Tests 2; Hundreds 0; Avg 25.75; Tests v Eng 0
Right-handed middle-order batsman who became South Africa’s 100th Test player since readmission in 1992 when he made his debut against Pakistan last January. Top-scored with 62 in the rout by India in October’s third Test at Ranchi, impressing with the soundness of his front-foot technique and busy approach. An alumnus of the Rondebosch Boys’ High School - alma mater of Test-match grinders Gary Kirsten and Jonathan Trott - Hamza made his breakthrough in 2017-18 with more than 1200 first-class runs and has been earmarked for a place in the Test side ever since. Hashim Amla’s retirement has left a void at No3, one that Hamza and Van der Dussen are vying to fill long-term.
Tests 2; Hundreds 0; Avg 6; Tests v Eng 0
Wickets 1; 5WI 0; Avg 179
A broken thumb cost him his place in the World Cup squad but the fast bowler, whose pace has been lionised by Dale Steyn, recovered to make his Test debut in India three months ago. His 90mph spells in the Mzansi Super League earned him an international call-up after years struggling to combat the featherbed pitches of East London and PE. His figures in India were unflattering but the way he set up Virat Kohli with two that moved away followed by the inswinger to trap him leg-before emphasised his rich potential.
Tests 0; F/C matches 100; Avg 12.44
F/C wickets 347; 5WI 13; 24.03
Took four for 32 at Cardiff in a T20 international in 2017, taking two wickets with successive deliveries twice. Bowls brisk right-arm fast medium, relying on accuracy and a fullish length rather than extravagant movement. Bowled superbly for Cape Cobras in the four-day franchise series in October, he is, like most of the uncapped call-ups, a physically robust veteran who has waited years for his chance with the Test side.
Tests 4; Hundreds 0; Avg 9.50; Tests v Eng 0
Wickets 11; 5WI 0; Avg 13.36
South Africa’s white-ball death bowler who has played 52 ODIs and 23 T20s but has found his opportunities limited in Tests. Bowls right-arm fast medium with a bustling approach to the wicket, diddling batsmen with his movement rather than pace. Dismissed both England openers when playing for South Africa A last week but is unlikely to play unless the selectors opt for a five-man attack and he earns a spot as fourth seamer. Took two for 25 against India at The Wanderers last year in his last Test to date.
Tests 60; Hundreds 0; Avg 24.16; Tests v Eng 6; Avg 36.50
Wickets 216; 5WI 13; Avg 22.16; Wkts v Eng 22; Avg 23.50
Terrific swing bowler, bowling at deceptively low pace and hooping it around to torment right-handers and left-handers alike down opposite corridors. Had Keaton Jennings on toast during South Africa’s tour of England two years ago and bowls particularly well at Johannesburg where he betters his stellar career average with 39 wickets at 15.69. A very useful lower-order batsman, he made half-centuries at Lord’s and Trent Bridge in 2017. Missed 15 Tests with injury over the past eight years and the entire series on England’s last tour. South Africa will be praying his ankle and hamstrings hold up.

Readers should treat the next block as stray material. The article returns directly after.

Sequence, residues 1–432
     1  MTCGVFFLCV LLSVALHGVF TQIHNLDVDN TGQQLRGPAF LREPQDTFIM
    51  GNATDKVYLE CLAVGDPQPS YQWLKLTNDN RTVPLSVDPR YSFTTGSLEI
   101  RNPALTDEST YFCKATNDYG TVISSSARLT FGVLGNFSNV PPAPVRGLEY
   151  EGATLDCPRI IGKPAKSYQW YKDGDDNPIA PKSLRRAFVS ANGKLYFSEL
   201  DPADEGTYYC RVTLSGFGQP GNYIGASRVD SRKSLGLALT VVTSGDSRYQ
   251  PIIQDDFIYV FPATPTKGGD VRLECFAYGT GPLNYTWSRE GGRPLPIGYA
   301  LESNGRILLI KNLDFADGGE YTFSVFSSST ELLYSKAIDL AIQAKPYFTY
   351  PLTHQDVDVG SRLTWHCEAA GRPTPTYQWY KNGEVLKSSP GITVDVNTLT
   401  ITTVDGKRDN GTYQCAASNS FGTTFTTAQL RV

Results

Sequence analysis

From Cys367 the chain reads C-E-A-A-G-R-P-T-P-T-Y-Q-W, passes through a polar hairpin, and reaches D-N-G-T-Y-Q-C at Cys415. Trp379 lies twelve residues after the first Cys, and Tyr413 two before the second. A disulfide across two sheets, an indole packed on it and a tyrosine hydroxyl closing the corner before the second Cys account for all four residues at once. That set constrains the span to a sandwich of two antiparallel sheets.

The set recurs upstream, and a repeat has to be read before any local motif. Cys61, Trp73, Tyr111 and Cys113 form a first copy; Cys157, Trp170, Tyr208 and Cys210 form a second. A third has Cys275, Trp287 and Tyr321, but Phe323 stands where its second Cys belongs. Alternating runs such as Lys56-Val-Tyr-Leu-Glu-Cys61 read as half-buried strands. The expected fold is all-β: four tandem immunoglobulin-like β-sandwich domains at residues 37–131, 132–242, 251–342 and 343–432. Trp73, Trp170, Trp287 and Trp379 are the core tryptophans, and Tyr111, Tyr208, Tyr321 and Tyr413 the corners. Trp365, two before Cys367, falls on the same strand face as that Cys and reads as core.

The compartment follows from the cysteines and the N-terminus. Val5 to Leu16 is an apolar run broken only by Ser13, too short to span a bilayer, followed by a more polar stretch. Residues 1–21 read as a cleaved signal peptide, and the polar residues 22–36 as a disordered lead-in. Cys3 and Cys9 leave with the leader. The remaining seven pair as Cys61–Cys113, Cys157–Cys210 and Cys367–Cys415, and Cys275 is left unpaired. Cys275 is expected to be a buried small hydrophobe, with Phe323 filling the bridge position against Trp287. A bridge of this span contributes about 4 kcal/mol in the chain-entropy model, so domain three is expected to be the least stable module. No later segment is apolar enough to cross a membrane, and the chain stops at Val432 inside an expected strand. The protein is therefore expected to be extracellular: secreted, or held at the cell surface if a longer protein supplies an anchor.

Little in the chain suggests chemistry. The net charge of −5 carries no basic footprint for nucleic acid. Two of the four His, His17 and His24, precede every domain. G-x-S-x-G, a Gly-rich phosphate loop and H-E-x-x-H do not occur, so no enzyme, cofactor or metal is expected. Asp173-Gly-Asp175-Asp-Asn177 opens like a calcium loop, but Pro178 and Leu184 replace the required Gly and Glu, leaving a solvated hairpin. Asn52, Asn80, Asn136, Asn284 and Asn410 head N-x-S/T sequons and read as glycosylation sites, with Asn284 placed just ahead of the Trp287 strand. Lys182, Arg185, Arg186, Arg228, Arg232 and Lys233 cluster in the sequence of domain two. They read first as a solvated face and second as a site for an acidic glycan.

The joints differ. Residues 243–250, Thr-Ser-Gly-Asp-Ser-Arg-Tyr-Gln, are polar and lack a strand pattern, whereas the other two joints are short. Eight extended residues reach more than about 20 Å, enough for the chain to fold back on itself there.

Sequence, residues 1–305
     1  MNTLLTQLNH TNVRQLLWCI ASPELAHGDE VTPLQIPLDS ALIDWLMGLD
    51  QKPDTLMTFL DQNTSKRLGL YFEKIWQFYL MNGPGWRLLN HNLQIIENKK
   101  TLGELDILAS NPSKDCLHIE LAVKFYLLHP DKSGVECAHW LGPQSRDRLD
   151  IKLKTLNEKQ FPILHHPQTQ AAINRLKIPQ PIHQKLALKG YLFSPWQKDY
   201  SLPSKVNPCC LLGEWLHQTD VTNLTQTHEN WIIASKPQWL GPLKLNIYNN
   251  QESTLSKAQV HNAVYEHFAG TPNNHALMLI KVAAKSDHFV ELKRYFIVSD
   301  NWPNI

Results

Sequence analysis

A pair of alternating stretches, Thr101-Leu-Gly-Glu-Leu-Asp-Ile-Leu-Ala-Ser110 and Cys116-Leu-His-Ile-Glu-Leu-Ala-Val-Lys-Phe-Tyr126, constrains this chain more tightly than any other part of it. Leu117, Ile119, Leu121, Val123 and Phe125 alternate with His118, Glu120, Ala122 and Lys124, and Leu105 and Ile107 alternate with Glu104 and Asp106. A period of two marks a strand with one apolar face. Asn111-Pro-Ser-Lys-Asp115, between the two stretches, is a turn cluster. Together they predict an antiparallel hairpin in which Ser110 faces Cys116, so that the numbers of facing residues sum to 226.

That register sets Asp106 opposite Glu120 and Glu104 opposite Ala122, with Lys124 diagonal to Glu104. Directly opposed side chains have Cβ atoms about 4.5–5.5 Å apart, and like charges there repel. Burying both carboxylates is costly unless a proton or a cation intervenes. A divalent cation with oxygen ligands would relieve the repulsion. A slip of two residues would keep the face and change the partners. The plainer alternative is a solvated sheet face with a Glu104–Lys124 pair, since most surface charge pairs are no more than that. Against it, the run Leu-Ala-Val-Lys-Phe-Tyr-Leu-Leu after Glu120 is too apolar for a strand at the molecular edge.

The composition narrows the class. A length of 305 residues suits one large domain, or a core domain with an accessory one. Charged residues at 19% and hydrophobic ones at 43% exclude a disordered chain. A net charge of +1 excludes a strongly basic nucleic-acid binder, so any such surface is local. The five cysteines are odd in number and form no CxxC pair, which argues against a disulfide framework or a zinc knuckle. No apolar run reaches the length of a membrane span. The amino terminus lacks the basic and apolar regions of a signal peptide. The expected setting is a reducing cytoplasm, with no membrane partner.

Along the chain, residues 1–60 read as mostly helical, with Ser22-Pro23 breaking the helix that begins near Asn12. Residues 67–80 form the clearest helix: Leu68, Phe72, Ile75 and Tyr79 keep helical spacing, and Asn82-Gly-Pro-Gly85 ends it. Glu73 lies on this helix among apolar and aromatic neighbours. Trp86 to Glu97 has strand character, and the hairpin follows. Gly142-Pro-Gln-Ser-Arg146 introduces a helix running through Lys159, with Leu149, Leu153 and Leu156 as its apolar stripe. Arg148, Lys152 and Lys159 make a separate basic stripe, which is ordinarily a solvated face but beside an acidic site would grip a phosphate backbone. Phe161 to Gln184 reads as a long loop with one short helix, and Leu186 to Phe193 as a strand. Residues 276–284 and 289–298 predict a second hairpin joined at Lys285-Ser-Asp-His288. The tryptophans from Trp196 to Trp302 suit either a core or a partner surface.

Tests 0; F/C matches 55; Hundreds 5; Avg 39.05
F/C wickets 162; 5WI 6; Avg 23.87
All-rounder who could have a shot at fulfilling the role performed by the irreplaceable Jacques Kallis for 18 years. Bowls tidy outswingers since knee surgery forced him to temper what had once been express pace and took three for 25 against Sri Lanka at Chester-le-Street and two for 27 against Australia at Old Trafford during the World Cup. Had not hit a first-class century for three years until he scored 111 for Northants against Worcestershire in the Championship at Wantage Road in his only red-ball game for the county last August.
Tests 40; Hundreds 0; Avg 11.38 Tests v Eng 6; Avg 14.11
Wickets 183; 5WI 9; Avg 22.50; Wkts v Eng 38; Avg 24.65
Currently the No2-ranked Test bowler in the world having ended last year in first place. The right-arm quick leads the attack, bowling with searing pace and verve. Has already taken 10 wickets in a match four times, including 13 for 144 at Centurion on England’s last tour, while his five for 96 and six for 54 against Australia at Port Elizabeth in 2018 turned the tide of the series in the home side’s favour. His sensational record is even better in South Africa where he has taken 127 of his wickets at the phenomenal strike rate of one every 32.7 balls. Opponents have successfully wound him up in the past - he was banned for giving Ben Stokes a send-off in 2017 - and he has not backed down from physical confrontation but his bowling has not suffered from an occasional excess of pugnacity.
Tests 0; F/C matches 110; Hundreds 17; avg: 44.75
Reserve wicket-keeper batsman who, remarkably, made 94 in each innings of South Africa A’s first ‘Test’ against India A last year and a counter-attacking 47 in the second. Would have toured India with the senior team last autumn but left the squad after being injured in practice. Has a sound defensive technique and could be considered, like Matthew Wade, as a specialist batsman at No6 if the top-order fails in the first couple of Tests.
Rassie van der Dussen
Tests 0; F/C matches 113; Hundreds 16; Avg 44.39
F/C wickets 4; Avg 54.50
The middle-order batsman had an excellent World Cup, making half-centuries against England, New Zealand and 95 in the victory over Australia at Old Trafford. Top-scored in domestic first-class cricket in 2017-18 and made an unbeaten 154 in the last round of first-class matches this season for Lions against Dolphins at the Wanderers. Plays fast-bowling well off the back foot, possesses a punishing cover drive and, as his popularity in the franchise leagues attest, exploits fielders’ legs with his quick running and range hitting.